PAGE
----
If you’re a playwright starting out you’re going to get a lot of advice about how you should write your play.
Here’s my advice: write without rules.
I think you need to write a lot and you need to write every day. When you write you learn. And what you’re learning is how you, as a writer, like to work. You’re learning about the things you like to write about. You’re learning about your voice.
So, the first thing not to worry about is length.
How long should the play be? Should it have an intermission or should it be a long single act or could it be three acts or maybe even five. None of that matters.
You can write a one page play or a two hundred page play. Length doesn’t matter; story matters. Write the play the length it needs to be to tell the story you need to tell.
Having said that – when it comes time to rewrite your play that’s when you start to cut and edit and adjust the time so that you don’t bore your audience.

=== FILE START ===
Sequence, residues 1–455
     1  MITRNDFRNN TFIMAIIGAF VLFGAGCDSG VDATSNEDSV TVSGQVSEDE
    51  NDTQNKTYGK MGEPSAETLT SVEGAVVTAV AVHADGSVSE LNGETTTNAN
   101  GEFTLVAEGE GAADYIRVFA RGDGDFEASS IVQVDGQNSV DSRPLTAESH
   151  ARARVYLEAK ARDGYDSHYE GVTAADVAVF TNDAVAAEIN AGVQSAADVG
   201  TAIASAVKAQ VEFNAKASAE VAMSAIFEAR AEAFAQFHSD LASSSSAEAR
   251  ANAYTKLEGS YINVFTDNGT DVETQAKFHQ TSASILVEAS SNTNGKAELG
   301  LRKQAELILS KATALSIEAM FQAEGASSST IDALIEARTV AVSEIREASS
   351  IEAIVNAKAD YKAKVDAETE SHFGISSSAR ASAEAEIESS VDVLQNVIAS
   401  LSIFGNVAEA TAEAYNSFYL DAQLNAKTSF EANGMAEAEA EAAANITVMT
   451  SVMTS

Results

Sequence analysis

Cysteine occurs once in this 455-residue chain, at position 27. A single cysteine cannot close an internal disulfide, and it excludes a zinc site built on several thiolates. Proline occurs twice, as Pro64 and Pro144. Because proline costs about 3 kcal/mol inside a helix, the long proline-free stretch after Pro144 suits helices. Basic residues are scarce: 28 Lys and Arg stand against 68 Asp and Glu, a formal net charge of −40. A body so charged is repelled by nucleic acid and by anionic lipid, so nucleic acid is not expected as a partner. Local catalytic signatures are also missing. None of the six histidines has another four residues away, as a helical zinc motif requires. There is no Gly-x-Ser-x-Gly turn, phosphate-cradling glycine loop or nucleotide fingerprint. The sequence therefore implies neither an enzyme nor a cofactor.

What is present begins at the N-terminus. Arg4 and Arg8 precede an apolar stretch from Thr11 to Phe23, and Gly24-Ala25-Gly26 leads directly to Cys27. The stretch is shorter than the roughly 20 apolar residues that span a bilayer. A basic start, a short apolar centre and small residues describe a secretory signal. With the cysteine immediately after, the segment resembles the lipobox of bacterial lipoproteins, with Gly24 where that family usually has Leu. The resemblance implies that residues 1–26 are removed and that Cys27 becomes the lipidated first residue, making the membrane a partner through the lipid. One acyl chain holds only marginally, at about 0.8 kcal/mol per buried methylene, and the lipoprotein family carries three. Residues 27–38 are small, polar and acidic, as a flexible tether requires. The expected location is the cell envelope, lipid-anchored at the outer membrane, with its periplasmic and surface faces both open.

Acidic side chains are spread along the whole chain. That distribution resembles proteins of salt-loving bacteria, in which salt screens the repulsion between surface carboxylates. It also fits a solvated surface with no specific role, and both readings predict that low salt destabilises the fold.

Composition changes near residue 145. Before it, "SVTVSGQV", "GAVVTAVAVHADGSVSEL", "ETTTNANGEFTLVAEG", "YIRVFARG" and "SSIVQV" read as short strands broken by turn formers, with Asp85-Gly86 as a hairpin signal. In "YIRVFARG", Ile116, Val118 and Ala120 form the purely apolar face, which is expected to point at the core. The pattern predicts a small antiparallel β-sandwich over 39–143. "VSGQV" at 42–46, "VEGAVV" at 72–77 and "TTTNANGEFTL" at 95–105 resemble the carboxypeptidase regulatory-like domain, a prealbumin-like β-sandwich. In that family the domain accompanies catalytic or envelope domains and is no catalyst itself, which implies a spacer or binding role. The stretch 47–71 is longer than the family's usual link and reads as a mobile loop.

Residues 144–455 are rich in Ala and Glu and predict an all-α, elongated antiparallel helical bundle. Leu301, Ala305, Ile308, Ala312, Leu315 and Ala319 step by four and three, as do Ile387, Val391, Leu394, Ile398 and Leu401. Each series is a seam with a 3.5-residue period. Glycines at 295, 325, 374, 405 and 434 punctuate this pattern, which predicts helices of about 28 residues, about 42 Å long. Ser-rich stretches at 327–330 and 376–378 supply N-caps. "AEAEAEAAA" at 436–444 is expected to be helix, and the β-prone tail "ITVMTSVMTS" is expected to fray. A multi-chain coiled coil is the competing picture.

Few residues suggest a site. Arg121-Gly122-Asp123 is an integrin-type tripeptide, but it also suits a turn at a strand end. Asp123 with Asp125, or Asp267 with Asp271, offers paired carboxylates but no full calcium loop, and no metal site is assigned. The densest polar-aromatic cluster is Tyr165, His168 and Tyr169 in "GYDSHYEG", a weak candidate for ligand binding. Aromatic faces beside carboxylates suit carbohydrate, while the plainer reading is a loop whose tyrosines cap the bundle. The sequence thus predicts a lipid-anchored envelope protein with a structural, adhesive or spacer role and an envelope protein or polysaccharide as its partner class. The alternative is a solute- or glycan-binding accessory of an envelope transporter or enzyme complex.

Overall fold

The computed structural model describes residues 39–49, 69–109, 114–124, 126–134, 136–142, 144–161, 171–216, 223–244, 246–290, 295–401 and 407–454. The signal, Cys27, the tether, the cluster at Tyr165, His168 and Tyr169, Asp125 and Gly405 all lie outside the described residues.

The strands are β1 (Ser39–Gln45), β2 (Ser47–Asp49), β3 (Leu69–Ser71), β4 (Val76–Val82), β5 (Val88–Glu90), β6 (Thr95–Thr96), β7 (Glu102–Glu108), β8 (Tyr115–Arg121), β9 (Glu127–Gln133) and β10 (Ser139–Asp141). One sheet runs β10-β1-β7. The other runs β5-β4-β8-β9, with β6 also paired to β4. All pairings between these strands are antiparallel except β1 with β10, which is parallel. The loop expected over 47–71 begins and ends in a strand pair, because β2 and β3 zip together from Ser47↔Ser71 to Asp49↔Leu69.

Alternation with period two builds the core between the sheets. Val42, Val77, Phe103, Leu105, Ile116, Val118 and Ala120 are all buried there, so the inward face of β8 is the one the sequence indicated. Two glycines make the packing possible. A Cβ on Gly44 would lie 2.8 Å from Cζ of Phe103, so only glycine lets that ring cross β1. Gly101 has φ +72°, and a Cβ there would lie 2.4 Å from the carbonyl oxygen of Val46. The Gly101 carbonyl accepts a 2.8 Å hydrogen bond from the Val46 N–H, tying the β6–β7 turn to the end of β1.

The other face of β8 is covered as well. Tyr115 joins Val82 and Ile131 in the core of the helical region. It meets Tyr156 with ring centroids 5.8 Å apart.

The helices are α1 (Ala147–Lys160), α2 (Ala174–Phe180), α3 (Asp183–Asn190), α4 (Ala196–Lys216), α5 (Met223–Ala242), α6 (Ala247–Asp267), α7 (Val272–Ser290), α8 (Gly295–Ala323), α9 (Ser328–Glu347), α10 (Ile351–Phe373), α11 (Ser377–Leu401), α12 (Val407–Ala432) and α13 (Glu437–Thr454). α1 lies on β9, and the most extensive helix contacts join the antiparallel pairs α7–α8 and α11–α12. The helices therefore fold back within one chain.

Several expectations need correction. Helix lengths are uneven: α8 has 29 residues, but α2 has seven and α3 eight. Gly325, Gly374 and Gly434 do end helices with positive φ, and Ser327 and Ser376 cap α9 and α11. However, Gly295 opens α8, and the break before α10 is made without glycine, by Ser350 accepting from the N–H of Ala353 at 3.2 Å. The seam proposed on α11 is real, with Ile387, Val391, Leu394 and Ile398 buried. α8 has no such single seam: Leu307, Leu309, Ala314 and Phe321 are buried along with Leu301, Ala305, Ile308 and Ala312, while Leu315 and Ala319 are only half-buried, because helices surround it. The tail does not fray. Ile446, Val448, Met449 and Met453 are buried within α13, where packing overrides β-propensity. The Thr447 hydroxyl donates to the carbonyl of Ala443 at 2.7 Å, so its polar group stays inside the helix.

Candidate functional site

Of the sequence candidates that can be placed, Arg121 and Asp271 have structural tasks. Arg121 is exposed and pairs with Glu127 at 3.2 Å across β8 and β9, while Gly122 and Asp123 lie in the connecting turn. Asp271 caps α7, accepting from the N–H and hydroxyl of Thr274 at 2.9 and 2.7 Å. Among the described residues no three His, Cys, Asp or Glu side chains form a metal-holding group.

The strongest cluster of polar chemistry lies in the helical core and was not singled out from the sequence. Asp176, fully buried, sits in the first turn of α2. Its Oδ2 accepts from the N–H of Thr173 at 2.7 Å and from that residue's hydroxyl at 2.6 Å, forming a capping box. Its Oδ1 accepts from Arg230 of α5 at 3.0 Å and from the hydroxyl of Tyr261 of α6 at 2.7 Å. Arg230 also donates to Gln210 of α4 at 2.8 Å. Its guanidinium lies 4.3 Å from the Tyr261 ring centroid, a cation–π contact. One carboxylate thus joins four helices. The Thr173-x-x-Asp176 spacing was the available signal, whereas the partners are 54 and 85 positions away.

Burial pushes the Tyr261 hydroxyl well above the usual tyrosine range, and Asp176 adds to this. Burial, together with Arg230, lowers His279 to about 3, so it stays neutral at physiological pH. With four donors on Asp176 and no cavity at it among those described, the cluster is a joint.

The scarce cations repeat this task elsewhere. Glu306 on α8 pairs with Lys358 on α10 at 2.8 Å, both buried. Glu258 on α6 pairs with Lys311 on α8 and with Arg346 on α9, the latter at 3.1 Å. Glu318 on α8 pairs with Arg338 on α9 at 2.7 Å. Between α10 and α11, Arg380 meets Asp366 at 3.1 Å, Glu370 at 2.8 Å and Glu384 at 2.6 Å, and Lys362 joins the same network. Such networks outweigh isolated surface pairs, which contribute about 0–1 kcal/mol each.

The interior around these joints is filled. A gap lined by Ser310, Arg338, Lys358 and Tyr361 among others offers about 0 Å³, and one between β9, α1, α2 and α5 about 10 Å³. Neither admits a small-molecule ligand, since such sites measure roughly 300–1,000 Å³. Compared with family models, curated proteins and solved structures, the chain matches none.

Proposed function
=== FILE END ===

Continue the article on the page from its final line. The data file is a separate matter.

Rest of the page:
Second don’t worry about the number of characters in your story.
Write a one person show or a fifty person show. Have as many characters as you need. Have more characters than you need. Throw characters in – take them out – merge three characters into one. See what that does to your story. Experiment. Discover. Play around with characters and see what happens.
Third, don’t worry about writing an outline. That is, unless you like to write an outline.
Some writers just like to sit down and start writing and other writers like to make a plan before they dive into their story. Telling a writer who likes to write on the fly to write an outline kills that writer’s creativity. Telling a writer who likes to plan – not to plan – can be just as deadly.
Not every painter or musician or writer likes to work the same way because the process of creativity is different for all of us.
Write without rules so that you can discover what works for you and then write your own rules.
And once you’ve written your own rules don’t be afraid to break them and try something new.